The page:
WASHINGTON, D.C. — The issue of gun reform is back in the headlines after several days of gun violence which saw people killed across the country.
But while the issue is back in the news, it’s not getting much traction in the Senate or the White House.
Since Thursday, nine people have died in mass shootings. Two at a high school in Santa Clarita, Ca.; three outside a Duncan, Ok., Walmart; and four at a house party in Fresno, Ca., the home district of California Congressman Jim Costa.
“Children were present at this meaningless act while they were watching a football game,” Costa said of the Fresno crime.
The debate over gun reform is on again in Washington.
“There hasn’t been as much movement from the White House or the Senate as we’d like to see,” said Kyleanne Hunter of Brady, a gun control advocacy group.
The House of Representatives passed gun reform legislation more than six months ago, but there’s been no action in the Senate.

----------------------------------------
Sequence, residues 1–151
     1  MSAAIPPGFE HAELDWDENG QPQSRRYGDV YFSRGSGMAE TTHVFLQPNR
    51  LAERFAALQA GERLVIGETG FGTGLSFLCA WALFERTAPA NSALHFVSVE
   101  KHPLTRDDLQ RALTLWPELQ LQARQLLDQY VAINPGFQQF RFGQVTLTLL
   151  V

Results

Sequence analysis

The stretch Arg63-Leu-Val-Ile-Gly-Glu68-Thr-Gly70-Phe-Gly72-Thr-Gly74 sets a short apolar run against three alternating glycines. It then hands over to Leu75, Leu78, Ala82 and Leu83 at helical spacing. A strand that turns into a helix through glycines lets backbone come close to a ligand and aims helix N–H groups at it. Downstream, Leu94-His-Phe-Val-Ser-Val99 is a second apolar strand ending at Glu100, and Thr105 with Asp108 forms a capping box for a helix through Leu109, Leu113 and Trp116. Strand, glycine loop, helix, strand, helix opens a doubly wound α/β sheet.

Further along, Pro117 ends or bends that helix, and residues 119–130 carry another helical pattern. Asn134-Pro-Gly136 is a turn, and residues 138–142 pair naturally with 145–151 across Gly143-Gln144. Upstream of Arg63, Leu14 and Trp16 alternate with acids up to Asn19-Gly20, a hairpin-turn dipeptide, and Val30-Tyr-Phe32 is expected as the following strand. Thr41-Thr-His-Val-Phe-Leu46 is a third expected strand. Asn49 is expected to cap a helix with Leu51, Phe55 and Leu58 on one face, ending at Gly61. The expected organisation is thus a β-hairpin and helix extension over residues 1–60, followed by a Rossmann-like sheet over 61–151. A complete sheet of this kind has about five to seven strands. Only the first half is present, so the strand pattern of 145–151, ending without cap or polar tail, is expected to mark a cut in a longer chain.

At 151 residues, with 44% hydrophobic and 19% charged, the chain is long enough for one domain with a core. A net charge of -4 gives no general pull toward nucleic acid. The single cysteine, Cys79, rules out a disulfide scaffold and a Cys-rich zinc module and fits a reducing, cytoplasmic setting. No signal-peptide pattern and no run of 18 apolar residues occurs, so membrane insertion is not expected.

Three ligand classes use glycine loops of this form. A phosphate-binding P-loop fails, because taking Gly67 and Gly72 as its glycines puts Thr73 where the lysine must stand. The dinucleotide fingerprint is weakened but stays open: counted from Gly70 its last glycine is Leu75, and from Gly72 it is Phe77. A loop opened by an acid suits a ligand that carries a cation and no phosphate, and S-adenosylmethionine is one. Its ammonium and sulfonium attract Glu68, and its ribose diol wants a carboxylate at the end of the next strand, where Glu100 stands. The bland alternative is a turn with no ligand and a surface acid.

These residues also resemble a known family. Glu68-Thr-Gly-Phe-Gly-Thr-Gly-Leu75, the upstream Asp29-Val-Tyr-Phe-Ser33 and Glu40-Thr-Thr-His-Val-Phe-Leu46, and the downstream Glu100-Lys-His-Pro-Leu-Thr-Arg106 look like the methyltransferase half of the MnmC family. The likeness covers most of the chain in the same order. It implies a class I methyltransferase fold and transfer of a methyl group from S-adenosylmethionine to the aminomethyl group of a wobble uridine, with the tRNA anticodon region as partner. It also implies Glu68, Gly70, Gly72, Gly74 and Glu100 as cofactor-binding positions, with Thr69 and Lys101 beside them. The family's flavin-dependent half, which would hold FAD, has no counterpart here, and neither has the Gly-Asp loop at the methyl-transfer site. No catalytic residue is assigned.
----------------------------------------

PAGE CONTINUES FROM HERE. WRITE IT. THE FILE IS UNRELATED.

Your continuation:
“Republicans and Democrats have good and different ideas on how to deal with gun violence in America,” Costa said. “Wouldn’t it be refreshing if the president were to bring us together in a bipartisan effort?”
Despite initially supporting stronger background checks and red flag laws, President Donald Trump has gone quiet.
Senate Republicans worry reform efforts could jeopardize Second Amendment rights.
“And some people, they’d say, ‘Our times have changed, we should not have that right’, and I don’t agree with that,” said Sen. Jim Inhofe (R-OK) on Nov. 7.
Senate Republicans said they need direction from the White House. They insist they won’t vote on a bill the president won’t sign.
Still, gun reform supporters said voters, not politicians, may have the final word.
“When the American people go to vote, they’re going to remember their day-to-day lives, and they’re going to say no more to this gun violence,” said Hunter.